Gemini's onboard digital computer
May 4, 2015
by Mark Ollig

Many of us can nostalgically recall the feelings of excitement and adventure during the early years of NASA’s space program.

President Kennedy made a bold challenge in 1961, for the United States to commit itself, before the decade of the ‘60s was over, to achieving the goal of “landing a man on the moon and returning him safely to the earth.”

The US was up to this challenge.

July 20, 1969, Apollo 11’s Lunar Module (LM) called Eagle, carried astronauts Edwin “Buzz” Aldrin and Neil Armstrong, to a safe landing on the surface of the moon.

Instead of “a man” or one person landing on the moon as Kennedy envisioned, the US came through with two people landing there at the same time.

Not bad, not too bad at all.

A third astronaut, Michael Collins, orbited the moon in the Apollo 11 Command Module (CM) called Columbia.

Aldrin and Armstrong would blast off from the moon to rendezvous and dock with the CM after completing their extravehicular activity (EVA) on the lunar surface.

All three astronauts did “return safely to the earth.”

In order to achieve this historical accomplishment, much testing in space was needed.

In 1962, the computer folks at IBM, in their Space Guidance Center in Owego, NY, began building an on-board guidance computer (OBC), to be installed in NASA’s Gemini spacecraft.

This computer would assist Gemini astronauts in completing a number of important accomplishments during the early days of NASA’s manned space program.

The Gemini 3 astronauts first used the OBC March 23, 1965.

A similar, but more advanced onboard computer, would later be built for the future Apollo spacecraft moon missions.

In preparation for the moon trip, a series of Gemini spacecraft missions successfully tested numerous procedures, and completed various objectives.

Successful firsts during the Gemini space program, using its onboard digital guidance computer, included:

• Maneuvering an orbiting spacecraft.

• Rendezvousing procedures with another spacecraft for docking.

• Navigating in space.

• Maintaining a controlled earth-reentry using an onboard computer.

For its time, Gemini’s onboard guidance computer was considered an advanced technological piece of electronics.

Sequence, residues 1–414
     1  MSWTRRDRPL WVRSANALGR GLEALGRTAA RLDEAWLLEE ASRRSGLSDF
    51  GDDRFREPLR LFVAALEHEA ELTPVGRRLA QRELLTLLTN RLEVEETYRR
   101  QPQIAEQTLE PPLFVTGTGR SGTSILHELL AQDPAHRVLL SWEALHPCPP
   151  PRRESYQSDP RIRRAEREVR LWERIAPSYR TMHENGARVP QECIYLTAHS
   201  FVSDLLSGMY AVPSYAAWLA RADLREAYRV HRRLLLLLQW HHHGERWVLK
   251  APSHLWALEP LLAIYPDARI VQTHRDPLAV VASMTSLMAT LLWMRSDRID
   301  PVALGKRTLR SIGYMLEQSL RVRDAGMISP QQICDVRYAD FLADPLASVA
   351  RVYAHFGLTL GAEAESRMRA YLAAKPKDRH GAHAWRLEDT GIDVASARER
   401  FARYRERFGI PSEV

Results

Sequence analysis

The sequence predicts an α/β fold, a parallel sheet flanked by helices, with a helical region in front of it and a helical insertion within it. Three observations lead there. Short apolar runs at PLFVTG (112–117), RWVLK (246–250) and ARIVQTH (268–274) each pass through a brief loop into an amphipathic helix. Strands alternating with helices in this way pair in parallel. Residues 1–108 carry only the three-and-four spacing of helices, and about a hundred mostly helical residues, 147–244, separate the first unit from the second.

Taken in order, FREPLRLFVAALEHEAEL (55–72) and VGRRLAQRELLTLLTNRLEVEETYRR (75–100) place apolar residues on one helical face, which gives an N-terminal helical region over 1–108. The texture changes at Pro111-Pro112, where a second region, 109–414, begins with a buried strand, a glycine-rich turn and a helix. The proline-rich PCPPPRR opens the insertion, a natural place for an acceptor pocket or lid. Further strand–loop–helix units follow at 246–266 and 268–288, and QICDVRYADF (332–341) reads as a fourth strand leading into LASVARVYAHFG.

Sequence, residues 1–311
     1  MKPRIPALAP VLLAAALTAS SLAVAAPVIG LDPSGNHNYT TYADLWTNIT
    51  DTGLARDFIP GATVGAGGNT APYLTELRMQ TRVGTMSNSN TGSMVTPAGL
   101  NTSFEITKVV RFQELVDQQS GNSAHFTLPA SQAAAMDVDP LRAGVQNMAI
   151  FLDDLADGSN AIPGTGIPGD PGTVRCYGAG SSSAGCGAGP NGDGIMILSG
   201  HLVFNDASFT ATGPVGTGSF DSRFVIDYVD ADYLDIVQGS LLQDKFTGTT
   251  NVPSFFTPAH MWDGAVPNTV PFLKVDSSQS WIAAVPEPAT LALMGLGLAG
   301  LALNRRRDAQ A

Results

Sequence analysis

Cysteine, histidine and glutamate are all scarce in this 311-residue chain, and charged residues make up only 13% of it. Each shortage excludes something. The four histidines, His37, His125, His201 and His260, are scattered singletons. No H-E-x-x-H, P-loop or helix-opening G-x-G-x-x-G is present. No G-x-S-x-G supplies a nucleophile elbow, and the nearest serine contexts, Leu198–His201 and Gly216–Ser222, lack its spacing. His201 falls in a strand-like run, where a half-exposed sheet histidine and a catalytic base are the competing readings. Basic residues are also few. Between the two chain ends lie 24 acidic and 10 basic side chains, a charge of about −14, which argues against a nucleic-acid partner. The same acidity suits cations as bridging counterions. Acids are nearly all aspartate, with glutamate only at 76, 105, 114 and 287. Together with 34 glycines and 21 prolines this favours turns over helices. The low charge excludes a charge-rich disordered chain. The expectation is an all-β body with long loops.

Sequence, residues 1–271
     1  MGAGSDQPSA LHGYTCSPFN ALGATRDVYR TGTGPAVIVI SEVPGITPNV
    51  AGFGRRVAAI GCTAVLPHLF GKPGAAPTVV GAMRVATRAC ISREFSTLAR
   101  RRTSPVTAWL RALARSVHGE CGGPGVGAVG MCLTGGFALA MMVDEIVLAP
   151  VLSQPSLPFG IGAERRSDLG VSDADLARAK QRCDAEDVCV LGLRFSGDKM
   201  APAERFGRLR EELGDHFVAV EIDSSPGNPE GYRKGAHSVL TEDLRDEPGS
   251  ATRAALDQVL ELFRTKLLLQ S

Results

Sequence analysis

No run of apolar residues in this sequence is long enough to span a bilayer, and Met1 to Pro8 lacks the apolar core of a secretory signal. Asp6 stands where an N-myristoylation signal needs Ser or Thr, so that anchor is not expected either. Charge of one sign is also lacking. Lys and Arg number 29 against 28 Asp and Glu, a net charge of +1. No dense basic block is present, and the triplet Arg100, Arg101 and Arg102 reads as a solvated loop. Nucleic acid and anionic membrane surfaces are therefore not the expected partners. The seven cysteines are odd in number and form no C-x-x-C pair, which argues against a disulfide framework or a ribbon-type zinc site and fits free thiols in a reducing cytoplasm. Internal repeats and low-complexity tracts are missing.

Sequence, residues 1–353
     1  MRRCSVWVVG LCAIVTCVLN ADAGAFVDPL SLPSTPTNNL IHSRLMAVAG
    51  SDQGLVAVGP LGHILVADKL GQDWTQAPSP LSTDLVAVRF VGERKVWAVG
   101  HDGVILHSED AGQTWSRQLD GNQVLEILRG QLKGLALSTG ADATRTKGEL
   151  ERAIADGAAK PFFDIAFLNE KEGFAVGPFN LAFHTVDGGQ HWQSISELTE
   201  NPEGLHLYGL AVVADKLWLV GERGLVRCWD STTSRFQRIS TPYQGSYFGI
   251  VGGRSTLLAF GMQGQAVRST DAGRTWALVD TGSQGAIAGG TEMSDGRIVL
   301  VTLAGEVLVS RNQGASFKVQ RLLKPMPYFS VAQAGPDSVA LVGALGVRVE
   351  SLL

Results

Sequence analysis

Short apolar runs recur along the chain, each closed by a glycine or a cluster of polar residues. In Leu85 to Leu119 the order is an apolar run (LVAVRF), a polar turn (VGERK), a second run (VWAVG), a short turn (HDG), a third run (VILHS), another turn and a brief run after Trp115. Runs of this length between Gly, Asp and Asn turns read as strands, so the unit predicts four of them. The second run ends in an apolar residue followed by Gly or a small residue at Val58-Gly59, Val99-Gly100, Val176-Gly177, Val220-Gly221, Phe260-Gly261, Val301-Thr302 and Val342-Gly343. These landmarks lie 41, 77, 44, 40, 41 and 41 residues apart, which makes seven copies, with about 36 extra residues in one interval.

It was designed with a pushbutton data input interface, making it easily operable by the spacecraft’s crew.

The OBC could perform highly-complex calculations (over 7,000 per second) used for space maneuvering, course guidance, navigation, and other operations.

Physically, the Gemini OBC weighed almost 59 pounds, and its dimensions measured 18.9 inches high by 14.5 inches wide by 12.75 inches deep.

The OBC was made up of peripheral hardware devices, and was located in an equipment bay wall, to the left of the Gemini spacecraft commander’s seat.

The computer’s guidance control-panel contained a seven-segment display readout, a modular display keyboard with push buttons labeled: “Zero” and “1 through “9,” along with three other push buttons labeled: “READ OUT,” “CLEAR,” and “ENTER,” and a variety of indication lamps, and rotary switches.

Its high-level flight operational software was designed to be used within assigned program modules; whereby each module performed a specific logic-processing function.

The Gemini OBC could process data sent from computing telemetry systems on the ground, or via keyboarding of data by an astronaut inside the spacecraft.

During liftoff from the Earth, a Gemini spacecraft would be attached atop a Titan II rocket called the Gemini Launch Vehicle (GLV).

The Titan was equipped with its own guidance computer.

This computer adjusted the rocket’s velocity, and made any course corrections needed for getting the Gemini spacecraft into the correct earth-orbiting path.

Information from the Titan computers was relayed to Gemini’s onboard computer.

In the event of a Titan computer failure, the onboard computer could take over and calculate any needed altitude course changes.

One special mission saw the Gemini 6 spacecraft using its onboard computer for not only supporting its orbit, but for calculating rendezvous maneuvering trajectories used to align itself with another spacecraft in Earth orbit; Gemini 7.

Dec. 15, 1965, 160 miles above the Earth, Gemini 6 and Gemini 7 conducted the first successful maneuvering and rendezvous between two earth-orbiting spacecraft.

Gemini 7 was used as the rendezvous target for Gemini 6’s onboard computer.

Both spacecraft came within 1 foot of each other, and could have physically hard-docked, if they had been so designed.

This ship-to-ship rendezvous maneuver needed to work in order to prove a future Apollo CM and LM spacecraft could successfully rendezvous with each other, while orbiting the moon.

You can watch the orbital rendezvous of Gemini 6 and 7 on the Discovery YouTube channel: http://tinyurl.com/npeyw96.

President Kennedy’s speech before a joint session of congress May 25, 1961, included his strong support of our country’s space program.

The portion of his speech urging the US to go to the moon can be viewed at the John F. Kennedy Presidential Library and Museum website: http://tinyurl.com/nxbaa4k.

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